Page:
The Seward Phoenix Log - News of the Eastern Kenai Peninsula since 1966

By Wolfgang Kurtz
LOG Editor 

Citizens brace City Council with complaints

 

Wolfgang Kurtz | The Seward Phoenix LOG

Local activist and Resurrection Bay Conservation Alliance President Russ Maddox goes on the record at this week's city council meeting. He raised concerns over a recent disposal by fire of treated wood at the Seward Alaska Railroad yards, alleging regulatory violations.

Sue Lang started off Monday's Seward City Council meeting by relating a recent encounter she had with some squatters at a Lowell Point campground she manages. The trespassers commented that they'd spend more time and enjoy themselves more but for the smell from the city's Lowell Point sewage and wastewaster lagoon. Lang used this tale to preface her insistence that the city take action before her paying customers start showing up May 2. She warned that the city would be billed for every reservation cancellation attributable to stinks emitted by the facility.

Administration, in turn, asked for permission from the council to earmark $500,000 of reserve funds to dedicate to long overdue dredging for the facility. City Manager Jim Hunt wanted the allocation made a priority so that it could be used as leverage to shake loose matching funds from the state legislature in upcoming lobbying trips to Juneau. Hunt also mentioned that an independent report on the treatment facility containing a second opinion and findings had just been received and would be made available right away.

City administration, council and Public Works staff have been facing a rising tide of complaints concerning the sewage lagoon since last summer when the smell reportedly achieved crisis proportions. Residents have also reached out to the Alaska Department of Environmental Conservation which, after months of investigation, issued a notice of violation to the city on Jan. 20, citing non-compliance involving reporting and technical issues. The city has 60 days to respond.

The city has made progress replacing aeration pumps at the site and is upgrading the facility through the purchase of a $28,000 "muffin monster." This new equipment will assist in breaking clumps of more or less solid waste that accumulate as sewage is dumped into the pools.

Hunt also said that there was movement at the Alaska Department of Transportation in getting a list of local paving projects confirmed. Assistant City Manager Ron Long offered that the project list, approved by council at their Jan. 13 meeting, would go out to bid in the near future.

The council voted on establishing the city's federal legislative priorities with an additional $7.9 million for Phase I of the Seward Marine Industrial Center breakwater project heading up the list of three. Councilor Ristine Casagranda moved to advance the two lower priority items above the breakwater project as she felt that the city should be taking care of existing facilities and infrastructure ahead of creating additional responsibilities. Councilor Christy Terry agreed in principle but said that the city might lose momentum at the legislative appropriations level if the breakwater project wasn't front and center.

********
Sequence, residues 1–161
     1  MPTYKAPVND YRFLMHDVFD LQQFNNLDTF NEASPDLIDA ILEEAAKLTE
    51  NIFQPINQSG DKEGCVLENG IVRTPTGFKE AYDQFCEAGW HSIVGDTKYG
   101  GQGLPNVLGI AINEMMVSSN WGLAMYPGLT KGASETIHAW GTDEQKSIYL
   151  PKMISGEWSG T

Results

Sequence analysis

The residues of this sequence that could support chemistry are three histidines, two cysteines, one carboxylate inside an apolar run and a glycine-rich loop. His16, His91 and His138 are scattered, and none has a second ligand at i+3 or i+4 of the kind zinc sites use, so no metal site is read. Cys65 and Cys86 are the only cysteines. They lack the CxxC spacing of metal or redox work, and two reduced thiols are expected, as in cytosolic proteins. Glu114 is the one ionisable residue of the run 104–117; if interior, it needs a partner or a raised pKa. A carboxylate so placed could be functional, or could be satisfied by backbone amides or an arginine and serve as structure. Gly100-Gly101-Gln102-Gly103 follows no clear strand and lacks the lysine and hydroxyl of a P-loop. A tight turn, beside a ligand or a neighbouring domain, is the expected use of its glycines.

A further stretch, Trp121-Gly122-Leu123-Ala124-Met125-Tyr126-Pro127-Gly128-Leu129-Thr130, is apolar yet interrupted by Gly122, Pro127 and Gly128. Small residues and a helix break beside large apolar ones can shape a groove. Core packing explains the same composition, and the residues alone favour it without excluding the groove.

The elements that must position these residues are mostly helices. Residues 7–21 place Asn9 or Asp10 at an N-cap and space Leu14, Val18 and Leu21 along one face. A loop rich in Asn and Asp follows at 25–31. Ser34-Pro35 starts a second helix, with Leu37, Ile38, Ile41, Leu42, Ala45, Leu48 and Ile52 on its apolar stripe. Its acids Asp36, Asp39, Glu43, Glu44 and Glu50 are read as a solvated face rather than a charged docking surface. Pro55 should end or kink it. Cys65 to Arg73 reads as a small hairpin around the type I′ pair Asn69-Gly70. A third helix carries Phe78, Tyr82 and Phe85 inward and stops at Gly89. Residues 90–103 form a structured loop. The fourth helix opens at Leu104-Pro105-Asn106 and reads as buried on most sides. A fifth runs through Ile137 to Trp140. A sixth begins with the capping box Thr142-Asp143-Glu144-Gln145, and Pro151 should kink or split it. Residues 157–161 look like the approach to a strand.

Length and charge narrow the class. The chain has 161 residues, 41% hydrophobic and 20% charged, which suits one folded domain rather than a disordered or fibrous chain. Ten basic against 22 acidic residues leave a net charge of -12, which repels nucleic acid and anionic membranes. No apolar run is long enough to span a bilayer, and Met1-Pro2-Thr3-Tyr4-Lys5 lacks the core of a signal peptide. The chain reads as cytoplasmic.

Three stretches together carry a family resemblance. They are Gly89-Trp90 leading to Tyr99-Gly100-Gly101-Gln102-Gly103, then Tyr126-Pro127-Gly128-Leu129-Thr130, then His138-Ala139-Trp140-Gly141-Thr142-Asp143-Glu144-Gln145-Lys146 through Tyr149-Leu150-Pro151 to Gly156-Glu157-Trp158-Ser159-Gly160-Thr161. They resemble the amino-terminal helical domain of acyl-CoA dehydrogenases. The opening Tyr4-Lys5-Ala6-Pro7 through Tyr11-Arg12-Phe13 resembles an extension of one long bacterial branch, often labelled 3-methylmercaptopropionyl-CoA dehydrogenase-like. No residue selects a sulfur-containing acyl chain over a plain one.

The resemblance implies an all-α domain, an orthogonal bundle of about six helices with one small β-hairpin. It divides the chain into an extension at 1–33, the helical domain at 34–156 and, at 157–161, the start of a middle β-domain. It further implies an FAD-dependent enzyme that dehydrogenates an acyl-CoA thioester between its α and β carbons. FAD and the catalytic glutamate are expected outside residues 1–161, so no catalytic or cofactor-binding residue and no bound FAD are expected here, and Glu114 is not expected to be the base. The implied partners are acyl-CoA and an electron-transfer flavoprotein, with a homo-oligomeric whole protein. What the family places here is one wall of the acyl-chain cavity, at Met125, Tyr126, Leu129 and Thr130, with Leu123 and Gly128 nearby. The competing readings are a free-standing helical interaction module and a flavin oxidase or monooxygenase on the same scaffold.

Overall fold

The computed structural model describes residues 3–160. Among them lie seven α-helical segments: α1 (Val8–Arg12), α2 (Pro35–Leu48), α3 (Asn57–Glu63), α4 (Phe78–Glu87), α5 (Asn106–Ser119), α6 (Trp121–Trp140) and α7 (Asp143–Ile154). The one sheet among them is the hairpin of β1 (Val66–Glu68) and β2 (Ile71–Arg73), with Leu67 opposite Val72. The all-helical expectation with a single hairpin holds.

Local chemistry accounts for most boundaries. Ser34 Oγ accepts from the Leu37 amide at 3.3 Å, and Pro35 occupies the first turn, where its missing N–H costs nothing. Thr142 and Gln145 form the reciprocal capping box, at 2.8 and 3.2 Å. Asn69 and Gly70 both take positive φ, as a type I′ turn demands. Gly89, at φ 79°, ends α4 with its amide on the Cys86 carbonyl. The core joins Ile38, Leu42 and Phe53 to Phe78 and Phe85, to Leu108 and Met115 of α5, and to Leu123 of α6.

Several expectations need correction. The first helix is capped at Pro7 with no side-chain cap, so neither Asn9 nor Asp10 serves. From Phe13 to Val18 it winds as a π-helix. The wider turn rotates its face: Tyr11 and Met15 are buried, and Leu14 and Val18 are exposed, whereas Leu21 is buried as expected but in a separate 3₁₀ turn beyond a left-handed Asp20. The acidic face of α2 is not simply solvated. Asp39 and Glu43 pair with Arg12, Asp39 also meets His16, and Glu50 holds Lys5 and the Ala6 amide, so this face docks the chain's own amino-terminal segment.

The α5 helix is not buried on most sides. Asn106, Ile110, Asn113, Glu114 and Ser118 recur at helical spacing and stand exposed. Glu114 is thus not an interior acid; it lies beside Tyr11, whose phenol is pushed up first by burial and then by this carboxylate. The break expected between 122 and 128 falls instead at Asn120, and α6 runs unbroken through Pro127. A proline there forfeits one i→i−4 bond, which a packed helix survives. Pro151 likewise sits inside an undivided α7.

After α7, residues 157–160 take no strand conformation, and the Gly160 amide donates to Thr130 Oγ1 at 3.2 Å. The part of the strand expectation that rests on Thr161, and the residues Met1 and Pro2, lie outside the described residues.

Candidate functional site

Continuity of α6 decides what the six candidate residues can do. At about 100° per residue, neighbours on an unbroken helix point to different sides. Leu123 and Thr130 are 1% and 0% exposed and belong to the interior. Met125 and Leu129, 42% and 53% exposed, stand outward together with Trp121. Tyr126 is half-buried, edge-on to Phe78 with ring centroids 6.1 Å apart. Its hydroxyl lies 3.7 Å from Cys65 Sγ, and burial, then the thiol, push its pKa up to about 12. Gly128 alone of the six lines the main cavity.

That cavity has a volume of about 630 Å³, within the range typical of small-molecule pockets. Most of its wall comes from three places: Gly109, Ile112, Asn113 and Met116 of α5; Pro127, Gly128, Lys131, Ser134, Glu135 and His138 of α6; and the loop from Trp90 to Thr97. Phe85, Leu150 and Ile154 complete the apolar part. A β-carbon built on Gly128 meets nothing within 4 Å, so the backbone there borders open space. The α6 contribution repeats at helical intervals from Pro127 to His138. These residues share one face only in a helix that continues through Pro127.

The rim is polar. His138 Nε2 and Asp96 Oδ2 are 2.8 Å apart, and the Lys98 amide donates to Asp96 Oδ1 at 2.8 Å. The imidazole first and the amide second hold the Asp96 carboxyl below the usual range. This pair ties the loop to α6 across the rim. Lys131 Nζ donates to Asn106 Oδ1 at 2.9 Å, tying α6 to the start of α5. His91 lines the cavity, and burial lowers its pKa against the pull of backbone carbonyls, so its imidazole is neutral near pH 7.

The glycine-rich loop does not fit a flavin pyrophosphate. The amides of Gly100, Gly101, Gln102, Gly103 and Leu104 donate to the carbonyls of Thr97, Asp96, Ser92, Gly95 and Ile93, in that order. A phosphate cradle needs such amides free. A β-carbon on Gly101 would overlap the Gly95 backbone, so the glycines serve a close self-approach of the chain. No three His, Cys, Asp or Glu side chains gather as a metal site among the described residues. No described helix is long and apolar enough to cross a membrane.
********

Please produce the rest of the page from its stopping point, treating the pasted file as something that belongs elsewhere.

The second and third federal legislative priorities are flood risk mitigation for Lowell Creek including the diversion tunnel and Lowell Point Road reinforcements. The council ended by approving Resolution 2014-012 without amendment.

Another environmental controversy was highlighted by a second public speaker, Russ Maddox, who opined that he felt history repeating itself in the form of another offensive and possibly illegal burning of waste in the community. He said that a similar alignment of public and business figures contributed to offenses against the community in 2001 when burning vehicles and other waste in his Nash Road neighborhood provoked complaints and a campaign for redress on his part.

Maddox said that a recent fire in the Alaska Railroad's Seward railyard was enabled by public officials and others who contributed to the preparation and submission of an Alaska Department of Environmental Conservation application for a burn permit that contained material omissions.

In closing comments, councilor Christy Terry stated that Maddox lied regarding his assignments of blame for false statements or omissions on the ADEC permit application. Maddox took the opportunity to speak in the final citizens comment window and said he stood by his statements, that they were in writing with supporting documentation. City Manager Hunt also took a dim view of Maddox' allegations but said that he had initiated an investigation and that administration would get to the bottom of it.

Seward Chamber of Commerce executive director Cindy Clock reported that the chamber is focussed on economic development and that UAA's Christy Bell is visiting with local working groups on enhancing the local plan to attract new businesses and develop existing ones. Work on net pens for Silver Salmon fishery enhancements continues in concert with the local Alaska Department of Fish and Game Advisory Committeee and the city's Public Works Department as those smolt need to have a place to go soon.

 

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